Moon of the Crusted Snow

by Waubgeshig Rice

Moon of the Crusted Snow explores an apocalypse from the viewpoint of a secluded Anishinaabe community in Northern Ontario. As it’s already only loosely attached to metropolitan Canada in the south––cell and internet service is relatively new and patchy, at best; the recent connection to the Hydro grid is just as reliable, causing the community to lean heavily on their old, diesel generators for power in the harsh winter months––the pace at which the problem reveals itself is much slower, and the response is much different, than what a reader may expect within an urban centre, especially since the band council already had some contingencies in place in case of less widespread disasters. Most of the story follows Evan Whitesky as he and those connected with governance and infrastructure maintenance on the reserve work to keep order and ensure the community’s most vulnerable members have what they need to survive to the spring. But, when a massive white man arrives on snowmobile along with a veritable arsenal, the fragile stability they found becomes jeopardized. In the face of dwindling food supplies, desperation divides an increasingly frightened populace.

I quite honestly had a hard time with this one. Rice seems to understand the need to establish a sort of normal to make a disaster more strongly felt, but any narrative requires even a hint of conflict, even so small to seem inconsequential next to the eventual chaos, in order to cultivate interest. Because the long lead up to the crumbling of society lacked this, that it read like a cast of wooden characters happily living unexciting lives, it sure dragged. Throughout the book, the author spent too much time and too many words explaining things unimportant to plot or character development. This effectively causes details about the setting and the culture that could have been small touches of flavour to make the world come alive instead feel forced and insincere. Exposition is also a major problem within the book, and this is likely a measure of inexperience, that the author worried things would otherwise go unnoticed or misunderstood by his readers unless he overtly explained everything. We don’t get to witness characters and the community changing, but we’re rather told that Evan noticed these changes after they happened. Similarly, we’re overtly told what characters’ tone or non-verbal hints mean instead of allowing us to judge characters’ emotions or intentions on our own, and Rice has characters tell us about harrowing experiences they had rather than bringing us there and letting us see them play out. This comes off as a big problem within Moon of the Crusted Snow, being hugely detrimental to the personality of the characters, cutting into the story’s suspense, and hurting the overall readability of the book.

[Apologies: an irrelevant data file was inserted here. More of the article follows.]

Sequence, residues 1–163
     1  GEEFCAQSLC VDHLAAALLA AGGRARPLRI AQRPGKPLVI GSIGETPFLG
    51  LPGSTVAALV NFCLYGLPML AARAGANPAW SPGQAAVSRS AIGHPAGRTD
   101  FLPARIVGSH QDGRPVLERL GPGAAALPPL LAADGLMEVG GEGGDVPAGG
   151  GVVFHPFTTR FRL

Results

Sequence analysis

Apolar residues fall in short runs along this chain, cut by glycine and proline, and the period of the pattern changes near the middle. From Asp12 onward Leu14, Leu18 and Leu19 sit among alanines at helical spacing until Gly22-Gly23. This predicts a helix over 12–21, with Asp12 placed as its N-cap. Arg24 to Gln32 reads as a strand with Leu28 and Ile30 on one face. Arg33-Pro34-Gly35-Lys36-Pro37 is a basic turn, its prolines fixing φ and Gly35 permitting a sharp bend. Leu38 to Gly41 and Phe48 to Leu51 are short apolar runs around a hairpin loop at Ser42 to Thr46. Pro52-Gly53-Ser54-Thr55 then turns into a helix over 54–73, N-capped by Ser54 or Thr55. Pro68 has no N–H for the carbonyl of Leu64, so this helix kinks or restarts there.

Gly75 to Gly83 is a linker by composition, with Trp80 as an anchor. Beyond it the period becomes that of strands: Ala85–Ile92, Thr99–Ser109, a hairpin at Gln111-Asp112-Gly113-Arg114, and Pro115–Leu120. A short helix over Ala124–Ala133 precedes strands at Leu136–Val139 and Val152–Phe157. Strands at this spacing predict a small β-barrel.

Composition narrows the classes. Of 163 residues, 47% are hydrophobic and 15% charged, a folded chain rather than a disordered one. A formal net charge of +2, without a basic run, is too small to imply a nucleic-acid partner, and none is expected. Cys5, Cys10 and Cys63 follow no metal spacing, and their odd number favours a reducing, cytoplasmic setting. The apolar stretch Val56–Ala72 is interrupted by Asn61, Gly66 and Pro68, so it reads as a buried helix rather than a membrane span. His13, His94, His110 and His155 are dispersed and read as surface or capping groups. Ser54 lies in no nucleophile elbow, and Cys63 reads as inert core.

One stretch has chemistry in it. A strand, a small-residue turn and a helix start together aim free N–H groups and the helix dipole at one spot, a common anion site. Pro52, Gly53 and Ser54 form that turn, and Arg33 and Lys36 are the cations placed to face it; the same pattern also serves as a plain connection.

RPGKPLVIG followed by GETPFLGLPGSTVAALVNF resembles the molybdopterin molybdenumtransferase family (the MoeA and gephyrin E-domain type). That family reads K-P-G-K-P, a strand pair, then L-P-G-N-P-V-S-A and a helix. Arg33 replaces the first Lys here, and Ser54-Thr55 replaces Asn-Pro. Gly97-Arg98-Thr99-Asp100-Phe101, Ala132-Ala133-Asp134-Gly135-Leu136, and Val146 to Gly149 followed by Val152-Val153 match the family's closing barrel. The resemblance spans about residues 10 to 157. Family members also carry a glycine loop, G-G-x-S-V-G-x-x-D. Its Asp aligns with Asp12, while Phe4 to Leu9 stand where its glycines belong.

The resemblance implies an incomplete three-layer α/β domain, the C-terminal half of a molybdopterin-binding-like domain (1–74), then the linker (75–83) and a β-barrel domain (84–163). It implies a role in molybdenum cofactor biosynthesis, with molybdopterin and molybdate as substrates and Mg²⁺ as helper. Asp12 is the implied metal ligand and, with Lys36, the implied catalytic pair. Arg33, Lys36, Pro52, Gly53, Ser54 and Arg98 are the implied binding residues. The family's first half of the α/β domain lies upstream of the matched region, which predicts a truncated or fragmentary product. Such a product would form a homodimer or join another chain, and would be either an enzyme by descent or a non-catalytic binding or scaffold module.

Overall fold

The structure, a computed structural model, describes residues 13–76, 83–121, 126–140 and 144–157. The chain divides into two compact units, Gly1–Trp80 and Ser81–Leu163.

With Moon of the Crusted Snow, I was hit with the notion, much as I have with at least a couple of recent books, that telling a good story wasn’t the point. What came across instead was that the author wanted to showcase a culture he cares about in a positive light and also to criticize colonialism for causing the problems afflicting these people––both through direct meddling and a reliance the people increasingly have on colonial ways not suited to their values or their environment. Because he attempted to accomplish this through an allegory, the effectiveness of his message is closely linked to the strength of the narrative, and this is where things fell apart for me. But keep in mind that, at the time of writing this, at least, Rice’s book is highly rated on Goodreads, which means that most readers who have checked it out didn’t agree with my assessment. As such, it’s probably best to treat this review as bit of a cautionary tale, nothing more.